I grew up loving pop-punk – punk’s zanier, catchier kid sister – but something never felt quite right. I remember going to see the American band PVRIS in Birmingham in 2016 and leaving with the nagging thought that, while the show itself was potent, the crowd didn’t look anything like me. Nor did the acts that were written about in magazines. Or the ones on festival line-ups. For a brief moment around this time there were at least more women breaking through – not just PVRIS but Paramore, Tonight Alive and Marmozets – and surface-level conversations around industry-wide sexism and misogyny began to bubble. But the glaring absence of POC and queer POC artists in pop-punk was unmistakable.
That’s something that Nadia Javed, the 32-year-old vocalist of British DIY pop-punk band The Tuts noticed too when she started out in music. “Most gigs you’d walk out and be the only non-white person on stage but also the audiences lack diversity too,” she agrees. “It makes you think, ‘S***, if I don’t look like these people, will they even relate to me?’. If I’m writing songs about being a Muslim working-class girl from Hayes, who the f*** is gonna relate to that? It’s a vicious cycle of brown and Black people not seeing themselves represented on stage.”
Fast-forward to 2021, however, and pop-punk is being reinvented for the better from the inside out. The genre has come a long way since its late-Nineties heyday, when cis, white, boyish bands like Green Day, The Offspring, NOFX, Sum 41 and Blink 182 would be all over MTV2 or headlining Reading and Leeds, and things are beginning to change. Thrilling new acts in both the US and the UK acts, from Magnolia Park and Proper., are pushing the boundaries of scope and sound to extend the community of pop-punk to POC artists and fans, wearing their differences on their inked sleeves and driving home messages of diversity and inclusivity.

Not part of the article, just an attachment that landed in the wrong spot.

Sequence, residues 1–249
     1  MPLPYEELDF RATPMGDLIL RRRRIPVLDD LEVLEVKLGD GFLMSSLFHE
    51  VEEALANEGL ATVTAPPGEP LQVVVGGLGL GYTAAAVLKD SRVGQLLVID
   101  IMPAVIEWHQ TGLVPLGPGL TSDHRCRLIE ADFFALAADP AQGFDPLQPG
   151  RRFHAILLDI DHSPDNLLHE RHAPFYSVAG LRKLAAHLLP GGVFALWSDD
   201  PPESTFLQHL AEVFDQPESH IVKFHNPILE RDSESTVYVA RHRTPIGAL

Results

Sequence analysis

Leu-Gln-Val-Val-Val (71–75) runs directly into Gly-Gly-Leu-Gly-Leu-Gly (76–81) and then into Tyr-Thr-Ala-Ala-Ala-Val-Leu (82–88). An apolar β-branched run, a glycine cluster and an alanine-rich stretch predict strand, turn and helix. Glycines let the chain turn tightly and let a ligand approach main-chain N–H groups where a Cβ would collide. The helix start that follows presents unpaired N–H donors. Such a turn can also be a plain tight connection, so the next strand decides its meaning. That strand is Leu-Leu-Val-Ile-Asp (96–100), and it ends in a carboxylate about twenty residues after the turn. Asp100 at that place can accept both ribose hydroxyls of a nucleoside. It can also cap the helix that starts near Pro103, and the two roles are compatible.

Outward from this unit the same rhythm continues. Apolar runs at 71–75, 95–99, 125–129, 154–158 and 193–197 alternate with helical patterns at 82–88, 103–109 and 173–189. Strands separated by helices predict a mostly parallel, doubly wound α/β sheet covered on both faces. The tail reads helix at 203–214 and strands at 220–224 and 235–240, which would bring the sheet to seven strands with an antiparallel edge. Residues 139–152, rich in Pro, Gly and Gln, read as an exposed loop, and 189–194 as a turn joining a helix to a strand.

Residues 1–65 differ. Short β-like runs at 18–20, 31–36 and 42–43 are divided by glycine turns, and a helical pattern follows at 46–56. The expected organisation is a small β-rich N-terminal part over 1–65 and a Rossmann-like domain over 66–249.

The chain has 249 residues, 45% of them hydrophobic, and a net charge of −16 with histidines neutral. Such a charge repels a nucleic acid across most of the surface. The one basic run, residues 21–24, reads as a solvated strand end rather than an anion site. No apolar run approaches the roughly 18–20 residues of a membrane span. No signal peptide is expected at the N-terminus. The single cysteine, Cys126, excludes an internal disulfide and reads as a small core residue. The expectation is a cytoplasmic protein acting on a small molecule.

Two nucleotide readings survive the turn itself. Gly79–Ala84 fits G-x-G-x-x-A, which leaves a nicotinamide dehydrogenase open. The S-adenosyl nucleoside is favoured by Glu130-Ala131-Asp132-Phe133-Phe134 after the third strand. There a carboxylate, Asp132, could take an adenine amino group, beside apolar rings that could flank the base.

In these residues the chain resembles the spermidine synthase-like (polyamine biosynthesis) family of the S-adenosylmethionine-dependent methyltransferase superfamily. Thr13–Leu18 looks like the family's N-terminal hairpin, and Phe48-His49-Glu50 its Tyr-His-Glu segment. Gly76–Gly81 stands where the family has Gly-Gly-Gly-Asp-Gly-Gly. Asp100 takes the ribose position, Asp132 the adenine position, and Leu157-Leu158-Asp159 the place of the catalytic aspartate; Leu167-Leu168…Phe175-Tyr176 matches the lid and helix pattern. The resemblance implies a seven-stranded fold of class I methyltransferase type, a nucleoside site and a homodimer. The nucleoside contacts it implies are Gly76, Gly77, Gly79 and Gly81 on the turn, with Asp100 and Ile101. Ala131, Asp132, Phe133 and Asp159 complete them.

Another act spearheading the movement is Meet Me @ The Altar, an all-female Black and Latinx pop-punk band from America’s East Coast, whose career has been gathering pace and plaudits since 2019. The Gen Z trio befriended each other online while living in different states and came together to champion LGBTQ+ and gender representation with their music. Last year they signed to the biggest pop-punk label going, Fueled By Ramen – which launched the careers of Jimmy Eat World, Paramore and Panic! At The Disco – recently released the single “Hit Like A Girl” and have been called one of 2021’s “most exciting new rock acts” by Rolling Stone.
“It’s so incredibly important to have representation as POC women in this scene because when we constantly see only all straight white cis male bands on lineups and magazine covers, it inherently teaches us that we don’t belong,” says Téa Campbell, Meet Me @ The Altar’s 20-year-old guitarist. The scene belongs to everyone and it’s time that the stages reflect that.”
Not only that but band, who have two queer members, want to see greater support for LGBTQ+ representation across the genre. In the 1980s and 1990s, movements like queercore and riot grrrl put feminist and LGBTQ+ agendas front and centre in alternative music and attempted to challenge the mainstream, but ultimately were usurped by other more mainstream styles of punk. “Queer visibility and punk music were definitely meant to intersect,” says drummer Ada Juarez, 22. “The punk scene is supposed to be about inclusion and accepting those who don’t feel they have a voice in other spaces.”
Erik Garlington from the Brooklyn band Proper. remembers being adrift as a queer Black punk fan in the early Nineties. “There was this whole feeling of ‘I feel lost and I don’t feel like I’m heard’,” he says, noting how the punk scene welcomed outsiders, “but then still no queers allowed. It was very homophobic and calling each other the F-word. I didn’t feel like I quite had a place.”